Motor Vehicle Accidents

When you have been involved in a car accident, this can be a very traumatic incident for anyone, both emotionally and physically. Similarly, if someone you love has been hurt or killed as a result of a car crash, this can be a very emotional and financial strain on your life.
In California, car accidents may results from a number of common factors:

a. Speeding
b. Cell Phone Usage and Texting
c. Reckless Driving
d. Failing to Obey Traffic Signals
e. Drugs and Alcohol
f. And other factors…

Fact: In 2007, there were nearly 6.2 million police reported motor vehicles car crashes. According to the National Highway Transportation Safety Administration (NHTSA), there were over 41,000 people killed in a motor vehicle accident. That’s an average of 112 lives lost every day in 2007.Under California law, the person who causes a car accident is financially responsible for all of the provable damages related to the accident. Typical damages following a car accident may include damages to property (such as car damage), and bodily injury (damage to the vehicle occupants themselves). For legal purposes, a bodily injury claim is generally sub-divided into two categories:

1. Economic Damages- (past and future medical expenses, wage loss, and additional expenses related to physical impairment and disfigurement)

2. Non-Economic Damages (pain, suffering, loss of enjoyment of life, inconvenience, physical impairment, and other similar losses)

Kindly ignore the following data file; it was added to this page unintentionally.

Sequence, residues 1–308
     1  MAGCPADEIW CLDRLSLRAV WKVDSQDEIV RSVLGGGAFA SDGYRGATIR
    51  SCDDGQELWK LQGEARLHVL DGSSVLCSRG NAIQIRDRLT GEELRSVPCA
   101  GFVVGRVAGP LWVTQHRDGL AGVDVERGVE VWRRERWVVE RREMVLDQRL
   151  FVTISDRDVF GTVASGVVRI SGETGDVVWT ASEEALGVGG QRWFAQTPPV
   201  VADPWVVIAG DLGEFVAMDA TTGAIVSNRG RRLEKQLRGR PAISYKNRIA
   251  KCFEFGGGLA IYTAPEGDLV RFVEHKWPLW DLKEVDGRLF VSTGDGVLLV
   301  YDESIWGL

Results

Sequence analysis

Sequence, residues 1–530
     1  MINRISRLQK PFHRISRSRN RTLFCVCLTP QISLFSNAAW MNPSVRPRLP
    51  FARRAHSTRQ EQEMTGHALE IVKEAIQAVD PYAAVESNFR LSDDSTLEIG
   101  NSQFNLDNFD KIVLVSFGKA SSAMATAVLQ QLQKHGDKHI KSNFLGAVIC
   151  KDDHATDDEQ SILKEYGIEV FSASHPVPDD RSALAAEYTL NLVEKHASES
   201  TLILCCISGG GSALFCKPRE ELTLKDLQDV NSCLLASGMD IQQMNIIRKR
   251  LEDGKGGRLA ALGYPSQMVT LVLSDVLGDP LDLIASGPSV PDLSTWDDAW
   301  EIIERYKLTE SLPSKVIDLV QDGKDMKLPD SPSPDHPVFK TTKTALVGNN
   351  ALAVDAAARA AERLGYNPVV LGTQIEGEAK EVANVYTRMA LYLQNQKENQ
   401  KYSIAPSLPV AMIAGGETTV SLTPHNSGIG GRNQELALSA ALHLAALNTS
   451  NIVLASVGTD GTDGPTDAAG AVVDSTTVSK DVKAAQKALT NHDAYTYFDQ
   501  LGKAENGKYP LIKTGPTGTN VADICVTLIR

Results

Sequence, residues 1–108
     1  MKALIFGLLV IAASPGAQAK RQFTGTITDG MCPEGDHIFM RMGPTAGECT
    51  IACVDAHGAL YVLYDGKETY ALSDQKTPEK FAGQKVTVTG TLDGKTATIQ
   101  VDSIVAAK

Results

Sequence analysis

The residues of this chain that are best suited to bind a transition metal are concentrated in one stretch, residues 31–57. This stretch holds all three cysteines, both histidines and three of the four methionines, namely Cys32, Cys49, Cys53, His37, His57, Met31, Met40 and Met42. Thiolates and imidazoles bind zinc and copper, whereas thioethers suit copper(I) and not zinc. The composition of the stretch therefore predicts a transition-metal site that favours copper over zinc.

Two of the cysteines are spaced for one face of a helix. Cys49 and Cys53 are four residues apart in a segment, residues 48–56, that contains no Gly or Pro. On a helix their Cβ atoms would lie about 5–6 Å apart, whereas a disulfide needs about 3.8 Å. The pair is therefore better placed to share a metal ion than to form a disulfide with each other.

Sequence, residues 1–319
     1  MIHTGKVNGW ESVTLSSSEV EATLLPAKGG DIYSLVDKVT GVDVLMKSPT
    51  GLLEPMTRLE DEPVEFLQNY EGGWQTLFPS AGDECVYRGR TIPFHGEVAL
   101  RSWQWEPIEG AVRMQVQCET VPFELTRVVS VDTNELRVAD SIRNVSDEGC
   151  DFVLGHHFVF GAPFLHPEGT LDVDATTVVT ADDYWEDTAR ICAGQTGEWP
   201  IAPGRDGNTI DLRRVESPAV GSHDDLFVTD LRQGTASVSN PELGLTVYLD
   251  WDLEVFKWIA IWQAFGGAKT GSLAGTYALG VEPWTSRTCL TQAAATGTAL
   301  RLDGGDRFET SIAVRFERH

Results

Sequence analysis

The dollar value of these categories of damages can add up quickly. Thankfully, California law requires every owner of an automobile in the State of California to buy a minimum amount of car insurance to pay for these categories of damages. There are two types of mandatory car insurance in California:

1. Property Damage Liability Coverage – This coverage pays for the damage to the automobile involved in the accident and is paid out on behalf of the at-fault driver.

2. Bodily Injury Liability Coverage – This coverage pays on behalf of the at-fault driver for bodily injuries sustained in a motor vehicle collision. The State of Colorado requires that every owner of an automobile have at least $25,000.00 in bodily injury liability insurance coverage.

Car Accident Claims

In order for a person to claim for personal injuries in a motor vehicle accident, there are three requirements that must be met:
(1) Fault for the car accident must be proved, and it must be clear that the at-fault driver is responsible for
causing the accident;

(2) You must have incurred damages; and

3) You must prove that the damages being claimed were caused by the automobile accident.

Recovering From a Car Accident Claim

In order to recover from damages as a result of a car accident, there are three (3) potential categories for damages:

(1) Economic damages, which include past and future medical expenses, past and future wage loss, impairment of earning capacity, and other out-of-pocket expenses;
(2) Non-economic damages, which include inconvenience, loss of quality of life, emotional distress, pain and suffering; and
(3) Physical impairment and disfigurement.

Paying for Medical Expenses